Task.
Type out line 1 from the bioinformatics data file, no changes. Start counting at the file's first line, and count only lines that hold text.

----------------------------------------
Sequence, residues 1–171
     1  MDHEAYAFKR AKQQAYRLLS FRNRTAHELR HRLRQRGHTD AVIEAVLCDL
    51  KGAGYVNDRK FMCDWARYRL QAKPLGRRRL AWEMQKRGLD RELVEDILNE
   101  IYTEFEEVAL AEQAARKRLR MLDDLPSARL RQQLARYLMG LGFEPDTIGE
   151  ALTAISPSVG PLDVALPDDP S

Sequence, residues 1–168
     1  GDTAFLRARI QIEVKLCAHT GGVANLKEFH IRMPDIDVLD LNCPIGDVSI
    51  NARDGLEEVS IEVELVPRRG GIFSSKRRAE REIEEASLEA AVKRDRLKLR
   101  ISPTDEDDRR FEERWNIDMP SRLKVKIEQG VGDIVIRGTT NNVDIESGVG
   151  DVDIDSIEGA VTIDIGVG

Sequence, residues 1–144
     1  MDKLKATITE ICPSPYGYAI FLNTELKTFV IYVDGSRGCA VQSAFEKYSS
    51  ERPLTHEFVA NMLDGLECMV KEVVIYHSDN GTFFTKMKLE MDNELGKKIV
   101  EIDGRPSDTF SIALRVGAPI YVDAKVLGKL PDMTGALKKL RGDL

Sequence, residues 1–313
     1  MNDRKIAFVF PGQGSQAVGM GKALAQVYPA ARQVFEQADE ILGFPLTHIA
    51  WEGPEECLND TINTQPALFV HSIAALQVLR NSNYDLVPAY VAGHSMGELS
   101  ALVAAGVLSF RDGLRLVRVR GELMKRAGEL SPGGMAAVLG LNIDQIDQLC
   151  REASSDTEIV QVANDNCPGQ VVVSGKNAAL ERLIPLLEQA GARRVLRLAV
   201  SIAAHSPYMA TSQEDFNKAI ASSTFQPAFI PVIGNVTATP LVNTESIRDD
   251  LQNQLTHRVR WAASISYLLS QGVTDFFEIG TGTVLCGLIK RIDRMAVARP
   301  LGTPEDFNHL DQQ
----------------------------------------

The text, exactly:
Sequence, residues 1–171